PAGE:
I, for one, am happy to learn not everyone in the world needs to know Calculus. A professor of mathematics claims that the common man on the street—or woman in the boardroom—has no need for calculus or any higher mathematics beyond algebra (which I claim we don’t particularly need, either) to live a good life.
So, why do some mathematicians and educators attempt to embarrass the general public concerning their lack of knowledge about how to “calculate” certain bits of useless numerical facts?
To sell something—that’s why. After the Sputnik scare of the fifties, the pundits bemoaned the fact that we were “a nation at risk,” setting up a scenario in which publishers of mathematical educational materials flooded the market. Every college and every public school bought the programs and set to work turning our students into mathematicians. The idea hasn’t worked yet.
Oh, probably some of us believe an elite mathematician performs daily chores and routine tasks on a much higher plane than the rest of us, but really…can a calculus expert read the newspaper any better than I?
A wise teacher friend once told me that a student only needed to learn two things to be successful: how to read and how to write. If one can perform those two tasks proficiently, then he can learn anything he wants. He can live a successful, satisfying life learning and doing what works for him.
I will admit a person should know basic math. Balancing a checkbook, living within a budget, and calculating a percentage are necessary for most of us. After all, we don’t want to go into debt, or pay late fees, or file bankruptcy because we could not do simple math.
Now I’ll tell you a story. I did not receive an academic high school education. I took “Distributive Education” courses, thereby skipping not only biology, but math any higher than elementary algebra, trigonometry, and chemistry. But because of the Sputnik scare in the fifties, the government offered a National Science Foundation student loan to train teachers in order to outrace the Russians getting to the moon! So, I entered college at age 27 and signed up for....guess what? A NSF loan to major in education and science. I aced every course during my first two years, and earned only one C during the second half of my BS degree. The C was in Bacteriology—more difficult than Physics. Yes, I made B’s in physics by using a trig book to work my physics problems. Sure, I would have loved to know trigonometry, but I didn’t. But…I knew where to find answers.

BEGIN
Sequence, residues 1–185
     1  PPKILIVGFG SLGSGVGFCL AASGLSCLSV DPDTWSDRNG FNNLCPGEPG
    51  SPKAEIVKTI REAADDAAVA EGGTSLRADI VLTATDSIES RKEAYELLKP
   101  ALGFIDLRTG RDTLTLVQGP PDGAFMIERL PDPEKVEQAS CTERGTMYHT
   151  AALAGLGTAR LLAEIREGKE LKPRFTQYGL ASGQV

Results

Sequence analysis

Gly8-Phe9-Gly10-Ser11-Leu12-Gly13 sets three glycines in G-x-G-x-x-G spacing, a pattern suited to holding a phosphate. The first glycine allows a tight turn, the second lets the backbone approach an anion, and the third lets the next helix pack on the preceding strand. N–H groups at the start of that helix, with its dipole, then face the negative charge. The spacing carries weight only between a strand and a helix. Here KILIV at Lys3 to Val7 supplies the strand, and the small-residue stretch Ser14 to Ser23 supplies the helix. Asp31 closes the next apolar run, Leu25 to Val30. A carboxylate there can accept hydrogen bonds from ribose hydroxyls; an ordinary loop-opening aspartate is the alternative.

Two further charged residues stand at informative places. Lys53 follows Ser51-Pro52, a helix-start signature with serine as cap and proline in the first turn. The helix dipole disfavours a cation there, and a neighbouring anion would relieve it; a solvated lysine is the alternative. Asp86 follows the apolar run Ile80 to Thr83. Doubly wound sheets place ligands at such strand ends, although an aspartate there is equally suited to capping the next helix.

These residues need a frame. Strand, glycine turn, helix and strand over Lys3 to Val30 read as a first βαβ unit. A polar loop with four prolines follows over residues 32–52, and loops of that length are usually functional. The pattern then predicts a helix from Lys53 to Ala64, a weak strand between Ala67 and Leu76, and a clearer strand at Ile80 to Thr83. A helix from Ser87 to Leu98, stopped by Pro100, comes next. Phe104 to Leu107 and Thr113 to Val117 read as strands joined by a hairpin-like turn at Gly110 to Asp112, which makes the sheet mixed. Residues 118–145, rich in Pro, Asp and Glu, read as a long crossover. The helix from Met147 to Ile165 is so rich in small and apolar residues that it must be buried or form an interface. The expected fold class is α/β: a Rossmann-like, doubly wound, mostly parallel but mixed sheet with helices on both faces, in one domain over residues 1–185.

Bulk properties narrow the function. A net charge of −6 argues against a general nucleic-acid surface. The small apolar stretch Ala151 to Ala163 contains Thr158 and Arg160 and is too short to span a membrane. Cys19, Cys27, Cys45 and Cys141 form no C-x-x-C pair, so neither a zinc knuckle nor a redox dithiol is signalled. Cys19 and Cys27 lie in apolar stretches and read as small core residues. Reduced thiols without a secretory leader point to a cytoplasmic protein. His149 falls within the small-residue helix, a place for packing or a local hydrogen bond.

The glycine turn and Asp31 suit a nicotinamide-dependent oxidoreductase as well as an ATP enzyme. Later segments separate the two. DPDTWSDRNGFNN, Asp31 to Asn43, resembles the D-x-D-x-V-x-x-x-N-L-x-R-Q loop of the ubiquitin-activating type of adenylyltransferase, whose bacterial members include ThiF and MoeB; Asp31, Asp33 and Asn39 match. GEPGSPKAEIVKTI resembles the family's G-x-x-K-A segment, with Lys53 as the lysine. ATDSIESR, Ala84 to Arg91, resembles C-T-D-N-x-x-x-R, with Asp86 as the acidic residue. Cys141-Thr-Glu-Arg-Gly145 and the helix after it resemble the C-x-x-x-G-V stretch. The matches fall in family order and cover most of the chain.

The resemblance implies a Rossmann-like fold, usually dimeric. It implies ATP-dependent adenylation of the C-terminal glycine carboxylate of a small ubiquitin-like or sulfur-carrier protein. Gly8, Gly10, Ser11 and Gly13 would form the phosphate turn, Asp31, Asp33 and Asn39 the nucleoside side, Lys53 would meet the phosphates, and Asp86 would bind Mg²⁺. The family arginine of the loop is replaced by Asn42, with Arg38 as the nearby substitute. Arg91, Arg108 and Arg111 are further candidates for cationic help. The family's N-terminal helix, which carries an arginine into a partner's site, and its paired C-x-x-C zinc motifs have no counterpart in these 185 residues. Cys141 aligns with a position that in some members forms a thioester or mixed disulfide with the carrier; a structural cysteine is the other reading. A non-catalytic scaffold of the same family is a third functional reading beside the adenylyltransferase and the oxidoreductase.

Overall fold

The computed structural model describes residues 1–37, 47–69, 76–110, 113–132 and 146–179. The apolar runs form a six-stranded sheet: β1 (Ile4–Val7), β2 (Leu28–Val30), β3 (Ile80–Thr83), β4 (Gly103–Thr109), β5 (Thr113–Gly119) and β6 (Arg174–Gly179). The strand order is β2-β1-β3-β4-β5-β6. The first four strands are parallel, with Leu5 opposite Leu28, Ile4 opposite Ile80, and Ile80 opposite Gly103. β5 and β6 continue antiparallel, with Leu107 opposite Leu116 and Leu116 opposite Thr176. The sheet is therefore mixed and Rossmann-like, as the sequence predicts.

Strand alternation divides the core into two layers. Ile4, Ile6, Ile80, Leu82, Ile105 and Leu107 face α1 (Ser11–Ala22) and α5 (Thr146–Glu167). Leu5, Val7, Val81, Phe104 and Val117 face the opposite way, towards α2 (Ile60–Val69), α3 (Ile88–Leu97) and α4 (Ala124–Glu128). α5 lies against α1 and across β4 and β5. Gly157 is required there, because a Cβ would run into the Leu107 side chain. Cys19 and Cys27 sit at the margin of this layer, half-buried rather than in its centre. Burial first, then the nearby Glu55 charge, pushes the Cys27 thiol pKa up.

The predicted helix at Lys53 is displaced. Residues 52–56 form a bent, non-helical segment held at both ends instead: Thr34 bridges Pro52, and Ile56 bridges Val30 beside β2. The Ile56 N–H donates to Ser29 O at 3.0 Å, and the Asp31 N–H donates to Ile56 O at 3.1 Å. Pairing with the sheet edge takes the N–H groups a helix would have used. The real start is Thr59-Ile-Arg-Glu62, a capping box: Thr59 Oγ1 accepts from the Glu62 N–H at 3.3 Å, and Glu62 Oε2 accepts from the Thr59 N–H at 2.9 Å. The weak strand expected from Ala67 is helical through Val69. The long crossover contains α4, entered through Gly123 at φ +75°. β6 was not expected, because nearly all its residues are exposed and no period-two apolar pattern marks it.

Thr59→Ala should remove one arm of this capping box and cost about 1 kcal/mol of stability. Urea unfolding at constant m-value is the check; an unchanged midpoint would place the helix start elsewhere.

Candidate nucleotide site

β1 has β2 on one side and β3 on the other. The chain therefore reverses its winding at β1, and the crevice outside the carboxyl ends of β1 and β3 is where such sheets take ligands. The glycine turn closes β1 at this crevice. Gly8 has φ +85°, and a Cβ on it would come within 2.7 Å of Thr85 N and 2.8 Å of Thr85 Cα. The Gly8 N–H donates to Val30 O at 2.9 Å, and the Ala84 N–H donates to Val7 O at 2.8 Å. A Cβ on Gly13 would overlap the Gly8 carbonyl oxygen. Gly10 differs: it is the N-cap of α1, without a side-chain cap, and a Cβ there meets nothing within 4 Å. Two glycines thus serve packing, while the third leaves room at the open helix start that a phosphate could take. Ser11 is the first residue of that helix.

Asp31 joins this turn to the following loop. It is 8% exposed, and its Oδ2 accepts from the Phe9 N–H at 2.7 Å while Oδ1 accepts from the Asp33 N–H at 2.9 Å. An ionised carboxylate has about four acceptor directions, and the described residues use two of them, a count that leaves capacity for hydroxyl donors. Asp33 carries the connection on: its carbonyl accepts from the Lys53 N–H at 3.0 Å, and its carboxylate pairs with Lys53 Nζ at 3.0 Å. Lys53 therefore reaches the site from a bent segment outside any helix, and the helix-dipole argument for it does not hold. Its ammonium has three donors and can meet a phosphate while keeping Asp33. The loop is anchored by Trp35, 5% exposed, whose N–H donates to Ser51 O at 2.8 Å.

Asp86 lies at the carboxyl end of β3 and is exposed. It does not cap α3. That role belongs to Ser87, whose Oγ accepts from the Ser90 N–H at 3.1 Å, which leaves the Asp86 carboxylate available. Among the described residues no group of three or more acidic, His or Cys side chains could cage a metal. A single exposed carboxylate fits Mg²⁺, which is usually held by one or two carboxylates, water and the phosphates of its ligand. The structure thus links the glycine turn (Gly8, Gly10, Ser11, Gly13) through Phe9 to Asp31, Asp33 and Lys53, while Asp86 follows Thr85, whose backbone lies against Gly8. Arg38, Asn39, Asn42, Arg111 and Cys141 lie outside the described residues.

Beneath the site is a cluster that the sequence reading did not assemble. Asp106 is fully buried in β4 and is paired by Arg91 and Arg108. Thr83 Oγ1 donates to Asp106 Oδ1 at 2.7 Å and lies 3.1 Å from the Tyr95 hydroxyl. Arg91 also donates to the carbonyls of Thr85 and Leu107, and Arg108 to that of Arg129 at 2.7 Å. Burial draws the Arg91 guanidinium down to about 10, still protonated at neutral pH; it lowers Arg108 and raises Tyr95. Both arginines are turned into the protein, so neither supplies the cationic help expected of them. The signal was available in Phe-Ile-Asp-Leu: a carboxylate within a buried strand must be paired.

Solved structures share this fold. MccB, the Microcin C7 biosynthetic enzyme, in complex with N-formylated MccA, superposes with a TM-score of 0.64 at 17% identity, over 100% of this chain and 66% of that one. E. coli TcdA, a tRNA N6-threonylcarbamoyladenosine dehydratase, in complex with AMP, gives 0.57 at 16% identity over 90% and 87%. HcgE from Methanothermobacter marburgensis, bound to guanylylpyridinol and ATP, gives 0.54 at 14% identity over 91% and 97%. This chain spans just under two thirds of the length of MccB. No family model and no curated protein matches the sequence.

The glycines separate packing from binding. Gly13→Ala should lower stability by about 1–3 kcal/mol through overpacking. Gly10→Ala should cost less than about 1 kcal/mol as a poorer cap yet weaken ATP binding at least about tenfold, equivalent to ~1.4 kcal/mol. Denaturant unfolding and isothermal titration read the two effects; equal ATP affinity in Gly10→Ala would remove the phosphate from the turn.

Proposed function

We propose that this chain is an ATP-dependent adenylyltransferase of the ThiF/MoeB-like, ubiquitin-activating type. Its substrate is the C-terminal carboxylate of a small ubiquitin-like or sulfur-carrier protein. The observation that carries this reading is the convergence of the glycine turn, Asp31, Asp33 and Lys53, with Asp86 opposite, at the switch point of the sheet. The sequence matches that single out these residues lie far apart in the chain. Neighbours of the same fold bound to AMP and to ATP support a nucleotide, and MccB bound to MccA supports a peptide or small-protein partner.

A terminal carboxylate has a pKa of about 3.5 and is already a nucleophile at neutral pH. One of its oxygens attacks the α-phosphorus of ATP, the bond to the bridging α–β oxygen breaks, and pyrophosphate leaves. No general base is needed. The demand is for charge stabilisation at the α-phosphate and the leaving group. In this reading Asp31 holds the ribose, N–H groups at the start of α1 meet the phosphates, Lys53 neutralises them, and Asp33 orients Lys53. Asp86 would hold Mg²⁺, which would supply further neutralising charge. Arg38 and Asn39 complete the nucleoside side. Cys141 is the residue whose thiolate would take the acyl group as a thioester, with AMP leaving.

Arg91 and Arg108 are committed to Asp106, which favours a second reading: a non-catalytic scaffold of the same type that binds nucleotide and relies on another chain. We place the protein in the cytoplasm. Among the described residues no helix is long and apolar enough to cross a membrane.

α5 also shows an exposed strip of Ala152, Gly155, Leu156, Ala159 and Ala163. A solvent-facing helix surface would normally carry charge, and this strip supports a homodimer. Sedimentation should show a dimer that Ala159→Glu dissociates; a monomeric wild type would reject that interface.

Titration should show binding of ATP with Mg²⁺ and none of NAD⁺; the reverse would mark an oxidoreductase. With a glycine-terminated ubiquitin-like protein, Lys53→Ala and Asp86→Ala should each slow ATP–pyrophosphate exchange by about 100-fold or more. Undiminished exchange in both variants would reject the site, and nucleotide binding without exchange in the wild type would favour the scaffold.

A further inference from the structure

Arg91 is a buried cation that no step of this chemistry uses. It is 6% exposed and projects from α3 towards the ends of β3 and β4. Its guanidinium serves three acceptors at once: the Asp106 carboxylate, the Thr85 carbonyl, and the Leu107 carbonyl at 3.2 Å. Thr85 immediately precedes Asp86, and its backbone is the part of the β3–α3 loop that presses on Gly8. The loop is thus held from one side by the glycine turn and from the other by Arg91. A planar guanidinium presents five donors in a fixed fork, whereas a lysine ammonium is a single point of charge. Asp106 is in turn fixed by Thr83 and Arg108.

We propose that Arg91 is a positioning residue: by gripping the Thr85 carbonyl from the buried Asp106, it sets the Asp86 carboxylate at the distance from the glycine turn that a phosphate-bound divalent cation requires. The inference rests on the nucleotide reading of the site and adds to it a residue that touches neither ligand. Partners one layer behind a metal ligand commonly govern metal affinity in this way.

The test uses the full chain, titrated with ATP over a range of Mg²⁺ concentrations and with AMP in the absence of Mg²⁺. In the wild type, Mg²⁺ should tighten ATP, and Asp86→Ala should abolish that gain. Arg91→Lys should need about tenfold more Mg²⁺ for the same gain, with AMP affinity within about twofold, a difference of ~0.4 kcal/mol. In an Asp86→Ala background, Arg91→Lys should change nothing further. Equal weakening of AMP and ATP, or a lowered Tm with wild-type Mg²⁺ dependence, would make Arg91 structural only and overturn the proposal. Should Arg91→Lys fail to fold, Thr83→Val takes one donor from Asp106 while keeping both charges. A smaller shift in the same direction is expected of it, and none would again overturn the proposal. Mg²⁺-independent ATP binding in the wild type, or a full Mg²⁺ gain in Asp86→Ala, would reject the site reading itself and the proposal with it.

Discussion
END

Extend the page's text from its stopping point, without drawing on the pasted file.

What does this mean for all of us? How does it affect me?
Now I write romance novels and women’s fiction. You know what a learning curve I had there. Many of us probably entered the writing world in a similar manner: deficient in knowledge about publishers, editors, POV, Active vs. Passive writing, and myriad other necessary elements of style.
So, how are we doing? Can we solve our own problems? If we don’t know how to do some particular thing, do we set out to learn how? Do new electronic gadgets thrill us? Or do they set our teeth on edge because we’ll need to learn one more new thing?
Can you read? Can you write? You bet you can, opening many doors of opportunity.
Will our young people learn to read AND write? Sometimes I worry that the texting business will ruin them. But I still have faith that the majority of them will find a way to do and learn what they need to know to live a happy successful life and be a productive citizen.
Celia Yeary-Romance...and a little bit 'o Texas
Texas Promise-eBook-Desert Breeze Publishing
Making the Turn-print & eBook-Wings ePress